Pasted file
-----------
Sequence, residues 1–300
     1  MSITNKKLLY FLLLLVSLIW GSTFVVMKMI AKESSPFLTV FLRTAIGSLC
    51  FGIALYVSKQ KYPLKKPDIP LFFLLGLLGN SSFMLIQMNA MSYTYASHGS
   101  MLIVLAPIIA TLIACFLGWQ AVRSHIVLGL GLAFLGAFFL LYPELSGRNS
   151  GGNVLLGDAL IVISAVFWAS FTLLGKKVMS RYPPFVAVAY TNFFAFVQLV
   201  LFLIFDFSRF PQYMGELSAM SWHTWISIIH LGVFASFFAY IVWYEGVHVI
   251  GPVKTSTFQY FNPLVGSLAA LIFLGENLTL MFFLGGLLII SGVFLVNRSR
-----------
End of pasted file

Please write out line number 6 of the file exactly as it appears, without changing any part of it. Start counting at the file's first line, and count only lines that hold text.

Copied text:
   201  LFLIFDFSRF PQYMGELSAM SWHTWISIIH LGVFASFFAY IVWYEGVHVI